"Oh, here he comes!" says Bradley. I turn to look where he is pointing. No one is there. A cat runs by. The goya director walks past the door. She smiles. I hear water. I turn and see fish and bubbles. The fish open their mouths into O's.
"Wilma, it's Arnie."
Arnie is sitting at my table, smiling at me. "Who let you in?" I ask.
"It's my room, Wilma. I let myself in," he says. "And I found you here waiting for me."
Try to remember. I was asleep. I. …
"You came to ask me if I have your glasses."
"I don't. But I will look for them."
"I can't read without them. I'll go crazy if I can't read that boring Updike novel today. I swear I will."
"Reading's overrated," he says. "Oh, what a buffoon!"
"Sit with me. Stay here and watch the day go by, my way. Maybe you can even sleep over." Arnie leans towards me and makes his bushy eyebrows go up and down, suggestively. His favorite gesture.
"I have things to do, Arnie. I can't just sit here with you. That would be a waste."
"I have to work on my manuscript. Those damn glasses! When is Dorothy going to come anyway. She's always promising to come tomorrow, tomorrow, tomorrow."
"That's because she comes every day, Wilma. After work. I wish my children would be so gracious."
"Every day? I haven't seen Dorothy for weeks."
Then Arnie says, "I saw you with her yesterday."
Think. It can't be. "Arnie, you are worse than Bradley. Worse than my dead husband."
"But luckier," he says, and pats my thigh, way up here, with his wrinkled shaky hand.
Something is changing. The light. Perhaps it is night now. I can't tell from looking out the window. Something is strange.
"What's happening?" I ask. "It's snowing outside."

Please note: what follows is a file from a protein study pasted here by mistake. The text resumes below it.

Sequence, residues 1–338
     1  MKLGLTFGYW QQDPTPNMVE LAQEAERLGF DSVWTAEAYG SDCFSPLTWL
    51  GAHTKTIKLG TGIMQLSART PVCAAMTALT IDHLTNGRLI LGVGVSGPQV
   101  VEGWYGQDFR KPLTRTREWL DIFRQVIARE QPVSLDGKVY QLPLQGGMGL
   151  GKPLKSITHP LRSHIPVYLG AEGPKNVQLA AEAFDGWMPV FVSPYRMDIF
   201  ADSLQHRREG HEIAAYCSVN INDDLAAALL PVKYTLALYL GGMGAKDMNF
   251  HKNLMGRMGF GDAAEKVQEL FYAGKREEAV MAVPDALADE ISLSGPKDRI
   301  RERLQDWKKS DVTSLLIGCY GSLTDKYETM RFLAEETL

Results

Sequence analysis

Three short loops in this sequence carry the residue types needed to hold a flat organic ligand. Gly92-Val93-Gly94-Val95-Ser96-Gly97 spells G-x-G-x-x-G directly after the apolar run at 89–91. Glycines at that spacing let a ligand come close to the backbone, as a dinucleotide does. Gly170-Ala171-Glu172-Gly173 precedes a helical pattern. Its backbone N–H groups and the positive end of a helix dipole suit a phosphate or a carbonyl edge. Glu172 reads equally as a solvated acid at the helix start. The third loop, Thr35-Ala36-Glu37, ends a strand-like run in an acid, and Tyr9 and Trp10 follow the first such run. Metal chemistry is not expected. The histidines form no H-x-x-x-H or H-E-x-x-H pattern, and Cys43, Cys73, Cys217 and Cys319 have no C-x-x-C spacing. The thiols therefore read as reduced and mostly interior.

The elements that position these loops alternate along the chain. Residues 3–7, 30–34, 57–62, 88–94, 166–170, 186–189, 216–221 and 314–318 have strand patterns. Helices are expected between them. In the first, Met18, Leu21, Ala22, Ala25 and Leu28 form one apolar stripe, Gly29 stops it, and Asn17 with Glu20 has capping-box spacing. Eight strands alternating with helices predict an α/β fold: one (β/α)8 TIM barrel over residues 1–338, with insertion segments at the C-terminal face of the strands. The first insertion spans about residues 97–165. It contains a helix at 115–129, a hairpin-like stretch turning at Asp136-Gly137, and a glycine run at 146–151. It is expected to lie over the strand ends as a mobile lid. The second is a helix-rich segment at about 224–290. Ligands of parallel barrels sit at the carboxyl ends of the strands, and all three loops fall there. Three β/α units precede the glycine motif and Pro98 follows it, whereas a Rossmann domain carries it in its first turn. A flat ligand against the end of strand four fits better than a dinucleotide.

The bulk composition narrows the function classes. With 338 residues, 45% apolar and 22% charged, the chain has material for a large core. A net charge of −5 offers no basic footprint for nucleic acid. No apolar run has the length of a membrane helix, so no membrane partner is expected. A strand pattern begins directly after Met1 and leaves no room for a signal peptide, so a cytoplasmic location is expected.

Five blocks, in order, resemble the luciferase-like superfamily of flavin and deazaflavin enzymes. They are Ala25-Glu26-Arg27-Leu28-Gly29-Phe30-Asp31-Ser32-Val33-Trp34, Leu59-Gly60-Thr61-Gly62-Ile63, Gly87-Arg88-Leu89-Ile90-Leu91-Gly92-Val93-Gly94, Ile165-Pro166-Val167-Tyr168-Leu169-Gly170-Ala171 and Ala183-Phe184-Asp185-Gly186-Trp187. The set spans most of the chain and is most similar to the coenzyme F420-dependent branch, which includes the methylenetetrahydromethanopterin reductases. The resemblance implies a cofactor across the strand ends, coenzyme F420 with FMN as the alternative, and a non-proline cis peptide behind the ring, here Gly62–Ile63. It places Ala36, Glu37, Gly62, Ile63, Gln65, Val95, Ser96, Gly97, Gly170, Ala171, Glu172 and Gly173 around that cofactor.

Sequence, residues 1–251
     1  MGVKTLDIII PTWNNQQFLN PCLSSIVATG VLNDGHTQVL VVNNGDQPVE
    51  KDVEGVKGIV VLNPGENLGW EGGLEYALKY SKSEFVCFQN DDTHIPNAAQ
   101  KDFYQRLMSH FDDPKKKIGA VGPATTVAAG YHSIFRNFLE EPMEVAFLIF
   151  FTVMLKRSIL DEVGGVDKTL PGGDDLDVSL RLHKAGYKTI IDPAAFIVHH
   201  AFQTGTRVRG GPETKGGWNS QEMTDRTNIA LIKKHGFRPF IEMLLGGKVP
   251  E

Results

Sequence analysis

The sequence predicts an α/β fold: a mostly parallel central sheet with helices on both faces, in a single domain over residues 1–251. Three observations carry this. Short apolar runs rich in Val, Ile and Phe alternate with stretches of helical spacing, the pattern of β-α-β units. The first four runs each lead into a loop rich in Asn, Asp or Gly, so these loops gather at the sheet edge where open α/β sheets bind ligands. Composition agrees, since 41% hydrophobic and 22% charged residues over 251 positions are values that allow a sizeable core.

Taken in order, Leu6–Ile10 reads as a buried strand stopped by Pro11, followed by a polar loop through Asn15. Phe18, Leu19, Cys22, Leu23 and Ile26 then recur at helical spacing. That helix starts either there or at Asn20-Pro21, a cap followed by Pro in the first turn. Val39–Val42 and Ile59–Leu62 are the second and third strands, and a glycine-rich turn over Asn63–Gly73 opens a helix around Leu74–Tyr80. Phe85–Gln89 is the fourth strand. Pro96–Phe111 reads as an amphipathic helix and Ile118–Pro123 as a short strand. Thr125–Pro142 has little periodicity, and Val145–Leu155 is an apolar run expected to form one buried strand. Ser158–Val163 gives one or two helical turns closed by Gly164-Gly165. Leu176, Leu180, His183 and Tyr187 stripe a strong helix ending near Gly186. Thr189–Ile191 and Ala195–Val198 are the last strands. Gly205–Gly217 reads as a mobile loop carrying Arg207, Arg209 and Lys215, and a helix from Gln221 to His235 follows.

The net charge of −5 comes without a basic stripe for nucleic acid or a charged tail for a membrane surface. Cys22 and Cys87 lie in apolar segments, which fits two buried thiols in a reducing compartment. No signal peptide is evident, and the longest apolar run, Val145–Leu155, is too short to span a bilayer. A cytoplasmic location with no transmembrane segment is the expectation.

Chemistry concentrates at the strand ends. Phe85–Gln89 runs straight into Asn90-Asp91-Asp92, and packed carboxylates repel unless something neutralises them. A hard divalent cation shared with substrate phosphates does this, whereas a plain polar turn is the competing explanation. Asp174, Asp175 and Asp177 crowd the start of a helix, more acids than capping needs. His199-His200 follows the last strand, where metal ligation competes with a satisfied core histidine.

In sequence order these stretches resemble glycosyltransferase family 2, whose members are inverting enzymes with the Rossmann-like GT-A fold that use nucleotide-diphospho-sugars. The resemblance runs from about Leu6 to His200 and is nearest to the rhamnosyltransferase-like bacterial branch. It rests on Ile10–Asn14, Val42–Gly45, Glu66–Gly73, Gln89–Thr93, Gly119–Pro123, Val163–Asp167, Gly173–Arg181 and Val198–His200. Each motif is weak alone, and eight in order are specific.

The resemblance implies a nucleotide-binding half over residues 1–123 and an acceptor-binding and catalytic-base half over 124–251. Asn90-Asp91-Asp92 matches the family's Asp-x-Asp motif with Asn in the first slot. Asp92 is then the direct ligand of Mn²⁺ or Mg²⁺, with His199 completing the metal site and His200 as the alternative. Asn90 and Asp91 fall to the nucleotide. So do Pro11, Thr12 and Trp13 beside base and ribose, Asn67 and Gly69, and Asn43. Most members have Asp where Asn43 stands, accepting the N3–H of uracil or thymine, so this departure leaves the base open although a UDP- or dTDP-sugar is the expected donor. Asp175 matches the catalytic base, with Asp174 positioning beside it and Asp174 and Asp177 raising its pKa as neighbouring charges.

"Snowing? What season is it?"
"Of course it is!" Who is that talking? I see the face, I do. I can see all the features clearly, yet, still, it is out of focus, somehow, fuzzy. Think. Who is this?
"I hope your Dorothy doesn't try to come today. It's much too slippery."
I see the snowflakes now, swirling. I remember that when they fall on my face, they are like miniature feathers that disappear. I remember the hollow smell of snow and the sound of my mother's boots crunching, leaving a trail of holes across the yard. She wears black boots with fur around the top. "Wilma, hold my hand." Her voice is like velvet. She is always singing. She loves Christmas songs. "The Jew who loved Christmas!" That's my father. He is at the door, his pipe in his mouth. I bury my face in his sweater. I am so warm. "My sweet little Wilamina." His voice is rough, not like my mother's. When he sings, everyone laughs and begs him to stop. I am passed, swinging through the air, smiling person to smiling person, each a different smell. I remember. I do remember.
I open my eyes. It is dark. I have forgotten to put an extra blanket on the baby. I open the door. It's so bright. There is a woman pushing a cart. "Where's the baby?" I ask.
She comes and takes my hand. Her hand is warm. "It's the middle of the night, Wilma," she says very quietly so she won't wake the baby. "I will take you back to bed."
"Will you check on the baby for me?" I ask.
"Of course I will," she says. She is so kind.
I can hear them talking.
"She's doing okay. She's always better in the mornings than in the afternoons."
"I appreciate all you are doing for her." "Oh, and she misplaced her glasses again. We've been searching everywhere. She thinks someone stole them."
"Yes, Arnie Gutkin. She told me on the phone."
"Poor Arnie! He's so good to her. So patient."
"How's his Parkinson's?" "It's getting worse, I'm afraid. But it doesn't seem to affect his mind."
"That's good, at least."
And suddenly here is my daughter. "Hello, Ma. How are you doing?"
"I would appreciate it if you didn't talk about me right outside the door. And I didn't misplace my glasses, someone stole them."
"Why would anyone steal your glasses, Ma?"
"I don't have the slightest idea."
"I'll pick up another pair tomorrow," Dorothy says.
"Tomorrow will be too late. I'll already have gone crazy from not being able to read."
"I'll read to you, Ma. What do you want me to read?"
"Over there, the New Yorker. There's an Updike story. …"
Dorothy sits down and reads. She never was a very good reader. She doesn't breathe through the words. She sounds nervous. And she mispronounces names. But it's better than nothing. I listen. It's one of those dull stories about a middle aged man and his dog.